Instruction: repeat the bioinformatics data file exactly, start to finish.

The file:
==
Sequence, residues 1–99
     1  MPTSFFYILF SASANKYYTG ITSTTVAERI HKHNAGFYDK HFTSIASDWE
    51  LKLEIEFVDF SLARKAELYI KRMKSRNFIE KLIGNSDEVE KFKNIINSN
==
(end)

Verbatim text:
Sequence, residues 1–99
     1  MPTSFFYILF SASANKYYTG ITSTTVAERI HKHNAGFYDK HFTSIASDWE
    51  LKLEIEFVDF SLARKAELYI KRMKSRNFIE KLIGNSDEVE KFKNIINSN